Freedom Rock

J. Freedom du Lac
Washington Post Staff Writer
Tuesday, June 10, 2008; 2:00 PM

Washington Post music critic J. Freedom du Lac is online every Tuesday at 2 p.m. ET to talk about the latest on the music scene: alternative, country, alt-country, pop, hyphy, harp-rock, reggae, reggaeton, R and B and whatever it is that Constantine Maroulis does.

The transcript follows.


J. Freedom du Lac: "My picture should be in the dictionary next to the definition of definition." - Lil Wayne, 2008

So, what's up?


Arlington, Va.: Thanks for the Mike Mills blog item and asking about "Rockville". As much as I like the song I really don't need to hear it every time they are here. And since they have played almost every other song on Reckoning so far this tour I'd much rather hear some real rarity like Little America or Harborcoat. The sets this tour have been pretty varied with a bunch of real forgotten gems. The last couple of shows have started to look a bit more alike though. Hopefully Peter will go back to Gardening at Night instead of Find the River type things. They haven't done 1,000,000 yet, that would be a treat. Will you be at the show? They have been playing Fall On Me with Johnny Marr joining on guitar in the encore lately.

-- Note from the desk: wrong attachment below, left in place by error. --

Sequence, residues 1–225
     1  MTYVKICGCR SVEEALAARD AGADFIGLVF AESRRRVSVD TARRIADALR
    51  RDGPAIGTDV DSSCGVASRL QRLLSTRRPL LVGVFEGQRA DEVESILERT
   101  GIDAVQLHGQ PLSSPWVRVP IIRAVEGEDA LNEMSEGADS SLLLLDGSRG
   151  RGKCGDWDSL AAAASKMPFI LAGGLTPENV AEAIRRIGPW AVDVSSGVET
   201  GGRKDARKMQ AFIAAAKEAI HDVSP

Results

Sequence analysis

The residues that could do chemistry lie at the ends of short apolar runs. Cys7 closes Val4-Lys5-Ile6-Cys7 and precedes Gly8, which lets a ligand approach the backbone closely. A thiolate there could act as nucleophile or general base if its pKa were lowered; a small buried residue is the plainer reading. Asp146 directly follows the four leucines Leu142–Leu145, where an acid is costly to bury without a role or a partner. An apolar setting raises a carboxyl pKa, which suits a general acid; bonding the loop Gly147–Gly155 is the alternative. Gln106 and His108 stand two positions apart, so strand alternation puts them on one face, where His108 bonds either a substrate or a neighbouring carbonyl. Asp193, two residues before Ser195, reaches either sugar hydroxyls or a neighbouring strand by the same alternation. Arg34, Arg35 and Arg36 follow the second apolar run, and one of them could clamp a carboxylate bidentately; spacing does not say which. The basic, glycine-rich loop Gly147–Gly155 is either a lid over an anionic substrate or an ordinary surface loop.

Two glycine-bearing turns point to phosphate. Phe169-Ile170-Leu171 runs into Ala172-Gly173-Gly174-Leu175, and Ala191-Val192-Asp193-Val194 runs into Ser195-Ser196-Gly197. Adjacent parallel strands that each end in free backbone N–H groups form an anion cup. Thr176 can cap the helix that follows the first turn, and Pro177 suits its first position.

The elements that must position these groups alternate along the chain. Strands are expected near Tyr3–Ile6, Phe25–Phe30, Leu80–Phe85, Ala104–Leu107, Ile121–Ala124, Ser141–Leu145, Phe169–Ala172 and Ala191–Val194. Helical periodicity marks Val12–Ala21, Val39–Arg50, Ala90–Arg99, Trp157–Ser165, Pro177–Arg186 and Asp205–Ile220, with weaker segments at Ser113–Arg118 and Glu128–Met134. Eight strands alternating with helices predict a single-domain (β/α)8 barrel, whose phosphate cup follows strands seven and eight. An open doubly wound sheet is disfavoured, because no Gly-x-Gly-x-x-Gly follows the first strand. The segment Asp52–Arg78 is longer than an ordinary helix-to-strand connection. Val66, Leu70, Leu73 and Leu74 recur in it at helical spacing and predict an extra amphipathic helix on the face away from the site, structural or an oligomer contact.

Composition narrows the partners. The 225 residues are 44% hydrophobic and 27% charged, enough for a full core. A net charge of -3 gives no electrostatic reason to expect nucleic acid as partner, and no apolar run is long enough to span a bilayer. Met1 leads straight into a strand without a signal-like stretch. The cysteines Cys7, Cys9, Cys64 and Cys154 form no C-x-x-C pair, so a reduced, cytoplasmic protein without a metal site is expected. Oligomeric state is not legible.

J. Freedom du Lac: I haven't been looking at the set lists so far, but when I spoke with Mike, just before rehearsals for the tour began, I asked him how deep into their catalogue they might be digging during the tour - especially as they'd already played some live rarities this year ("Animal," "Second Guessing").

He didn't go into specifics at all, saying: "I would think we'll dig. You want to be able to keep it fresh, and the more songs you have to plug in on different nights, the more interesting it will be for both us and the audience."

By the way, I can't stop thinking about what James McMurtry always says when he's on stage and people start calling out for songs. Quoting David Bromberg, he'll say: "You know what you want to hear, but you don't know [expletive] about building a set." He used those very words Friday at the Birchmere, in fact.

J. Freedom du Lac: Oh, and here is a link to the interview in question.